Healthcare IT: Monitoring the Modalities
Originally published on July 31, 2019 by Shaun Behrens
Last updated on August 31, 2021 • 7 minute read
In an ongoing series of articles about monitoring healthcare IT, I've discussed monitoring the big picture, as well as monitoring the Picture Archiving and Communication System and the integration engine. Now, I want to cover the modalities. And monitoring these is not as simple as you would expect.
Firstly, what are the modalities? Here's an explanation from our Monitoring Healthcare IT Primer (available below):
Modalities refer to the devices and equipment used for creating medical images, such as Magnetic Resonance Imaging (MRI), X-rays, Computer Tomography Scans, and ultrasounds.
How Modalities Work, and the Challenges With Monitoring Them
Although there are several different types of modalities, the way that they fit into the healthcare IT infrastructure is similar. The modalities capture the medical images, and connect to a PACS to store the images there. The Digital Imaging and Communication in Medicine (DICOM) protocol is used for these actions.
Each modality also has a worklist associated with it. This worklist contains a list of jobs scheduled for the specific modality, as well as patient information. The biggest benefit of the worklist is that it prevents data errors that might occur if paper copies of the patient data were passed between the examining doctors and the personnel doing the imaging. With the worklist, you can schedule imaging appointments, pass the patient's data digitally to the radiologist, and then save that information to the PACS along with the images that are captured.
There is a big challenge that medical IT professionals face with monitoring modalities: many of the imaging devices do not provide an easy way to monitor them. They traditionally do not offer SNMP or Netflow support, so bringing them into your monitoring concept is not possible in this way. Quite often, the devices do not even offer an API that you can use to extract monitoring data, and if they do, it cannot be integrated with an existing monitoring solution that might be in use.
So it is quite possible that in the hospital's IT infrastructure, the admins have a number of black boxes with no way of knowing what their status is. However, even if you cannot monitor the modalities directly, there is still a way to to bring them into your monitoring concept by leveraging the mechanism they use to communicate. That mechanism, as mentioned earlier, is DICOM.
Monitoring Modalities Using DICOM
There are various ways to check up on the modalities, with just a little creativity (or the help of the right monitoring tool). Here are some ways of getting information about those black boxes in the medical infrastructure.
Check on availability and response times with C-ECHO
As it has been for many decades, a ping test is still the simplest and quickest way to see if a device is up and responding. While the traditional ping is not possible with many modalities, DICOM offers something very similar: the C-ECHO request. Like ping, you can send a C-ECHO request to a device and check that you get a response. You can (and certainly should) also check on how long it takes for the response to get back, because high response times might indicate problems with the modality.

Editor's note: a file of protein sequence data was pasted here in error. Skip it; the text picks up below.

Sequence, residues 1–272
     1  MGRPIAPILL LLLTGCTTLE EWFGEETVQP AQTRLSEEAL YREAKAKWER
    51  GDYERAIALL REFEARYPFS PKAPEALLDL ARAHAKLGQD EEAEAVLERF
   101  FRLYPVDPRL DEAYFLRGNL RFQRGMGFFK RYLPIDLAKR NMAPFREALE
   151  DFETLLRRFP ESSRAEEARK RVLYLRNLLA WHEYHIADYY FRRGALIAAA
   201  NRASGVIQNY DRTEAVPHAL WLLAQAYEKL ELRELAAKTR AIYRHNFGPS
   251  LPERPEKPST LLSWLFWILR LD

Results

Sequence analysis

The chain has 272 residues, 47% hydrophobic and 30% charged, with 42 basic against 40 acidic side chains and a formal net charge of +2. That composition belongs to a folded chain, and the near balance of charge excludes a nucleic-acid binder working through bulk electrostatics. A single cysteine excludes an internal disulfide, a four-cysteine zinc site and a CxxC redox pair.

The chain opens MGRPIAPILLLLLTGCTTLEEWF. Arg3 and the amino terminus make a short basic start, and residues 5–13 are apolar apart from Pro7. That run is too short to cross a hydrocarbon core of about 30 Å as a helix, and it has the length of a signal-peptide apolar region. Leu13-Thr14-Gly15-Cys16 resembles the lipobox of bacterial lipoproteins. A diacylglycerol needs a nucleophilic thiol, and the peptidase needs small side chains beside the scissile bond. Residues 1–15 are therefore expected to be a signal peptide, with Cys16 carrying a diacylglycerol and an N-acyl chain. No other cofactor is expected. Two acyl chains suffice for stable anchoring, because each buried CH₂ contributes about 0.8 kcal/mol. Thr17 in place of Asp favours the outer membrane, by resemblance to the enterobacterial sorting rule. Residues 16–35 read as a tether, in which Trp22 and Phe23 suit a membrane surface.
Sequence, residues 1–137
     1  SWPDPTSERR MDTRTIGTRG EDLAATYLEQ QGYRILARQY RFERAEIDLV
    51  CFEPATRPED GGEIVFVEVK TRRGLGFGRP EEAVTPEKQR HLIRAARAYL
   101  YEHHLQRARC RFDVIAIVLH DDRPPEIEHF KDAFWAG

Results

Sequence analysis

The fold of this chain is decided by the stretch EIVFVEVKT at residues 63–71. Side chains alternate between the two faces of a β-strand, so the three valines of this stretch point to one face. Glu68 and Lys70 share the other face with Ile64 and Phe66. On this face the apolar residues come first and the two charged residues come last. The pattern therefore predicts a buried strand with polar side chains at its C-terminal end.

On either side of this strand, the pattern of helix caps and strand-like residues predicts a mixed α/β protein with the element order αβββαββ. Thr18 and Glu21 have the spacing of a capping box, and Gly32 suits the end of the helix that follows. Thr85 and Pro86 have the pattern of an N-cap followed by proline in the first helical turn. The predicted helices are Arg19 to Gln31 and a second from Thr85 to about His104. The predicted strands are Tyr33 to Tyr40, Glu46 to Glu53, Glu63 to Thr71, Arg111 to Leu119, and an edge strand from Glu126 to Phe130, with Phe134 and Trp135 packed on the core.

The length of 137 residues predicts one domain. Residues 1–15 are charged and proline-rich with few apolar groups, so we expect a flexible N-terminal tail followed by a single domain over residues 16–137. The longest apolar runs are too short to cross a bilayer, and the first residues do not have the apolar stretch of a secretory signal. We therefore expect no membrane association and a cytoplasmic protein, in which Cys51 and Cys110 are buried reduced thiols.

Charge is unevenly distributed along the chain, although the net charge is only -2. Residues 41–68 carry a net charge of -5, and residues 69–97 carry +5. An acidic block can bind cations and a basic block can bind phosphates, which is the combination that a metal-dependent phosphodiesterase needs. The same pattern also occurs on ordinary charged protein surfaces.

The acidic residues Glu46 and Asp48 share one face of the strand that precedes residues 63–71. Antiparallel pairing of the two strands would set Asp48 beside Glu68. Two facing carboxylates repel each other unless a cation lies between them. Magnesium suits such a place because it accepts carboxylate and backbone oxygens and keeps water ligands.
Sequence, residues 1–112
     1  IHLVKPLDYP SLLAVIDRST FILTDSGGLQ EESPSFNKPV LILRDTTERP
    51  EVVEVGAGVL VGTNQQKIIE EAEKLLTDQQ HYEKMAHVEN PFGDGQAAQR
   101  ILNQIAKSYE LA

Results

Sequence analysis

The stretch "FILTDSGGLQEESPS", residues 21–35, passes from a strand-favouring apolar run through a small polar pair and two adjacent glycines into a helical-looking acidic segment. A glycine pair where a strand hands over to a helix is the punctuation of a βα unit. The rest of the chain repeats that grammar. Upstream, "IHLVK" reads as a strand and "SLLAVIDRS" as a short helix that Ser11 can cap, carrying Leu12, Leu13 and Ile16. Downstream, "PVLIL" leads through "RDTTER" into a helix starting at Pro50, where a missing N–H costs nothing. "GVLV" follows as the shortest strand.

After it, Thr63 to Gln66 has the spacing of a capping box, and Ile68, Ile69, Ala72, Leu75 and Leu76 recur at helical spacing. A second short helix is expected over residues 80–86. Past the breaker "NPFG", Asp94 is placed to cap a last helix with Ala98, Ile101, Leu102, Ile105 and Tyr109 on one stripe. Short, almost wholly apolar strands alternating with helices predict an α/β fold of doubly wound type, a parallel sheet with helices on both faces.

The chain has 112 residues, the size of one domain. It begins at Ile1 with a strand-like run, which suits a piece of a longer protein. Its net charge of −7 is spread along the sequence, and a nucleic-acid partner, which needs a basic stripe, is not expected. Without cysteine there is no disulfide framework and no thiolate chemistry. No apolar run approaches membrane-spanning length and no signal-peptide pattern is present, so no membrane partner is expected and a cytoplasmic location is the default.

Count the worklist items with C-FIND
The number of worklist items currently associated with a modality is a good indicator of that modality's health. For example: if the modality has a bottleneck or malfunction, the number of items in the worklist might grow disproportionately. If the number of worklist items is too low, on the other hand, then it could be that requests are not being processed by the device. This count of the worklist items is a key metric to watch.
You can use DICOM's C-FIND request to do a count of the worklist items associated with a specific modality, or check the count across several or all of the modalities. If you've established a "healthy" range for the count to be in, you can spot potential problems if the count goes higher or lower than the expected values.
Check for images stored locally on the modality using C-FIND
The usual configuration for modalities is that they store the images they capture either to a PACS or to some kind of storage. If there's a connectivity problem and this is not possible (for instance, there is a network outage), the modality might be storing the images locally. Thus a good way to monitor for potential problems is to check if a modality has images stored locally.
To do this, you can use C-FIND to check the device for locally-stored series or studies (series of medical images are grouped by study, so you can use either level to check for images).
It's possible to use the DICOM requests mentioned in this article to monitor the modalities, but ideally you need a solution that has pre-configured DICOM sensors. Our very own PRTG monitoring software has DICOM sensors available out-of-the-box (like the C-ECHO sensor, DICOM Bandwidth Sensor, and the DICOM Query/Retrieve Sensor), which you can then easily configure to monitor your modalities. Because PRTG also monitors the general infrastructure, you can then have everything in one place: your medical IT and your traditional IT.
To learn more about monitoring other aspects of healthcare IT, download our Healthcare Monitoring IT Primer below. And let us know in the comments if you have any questions.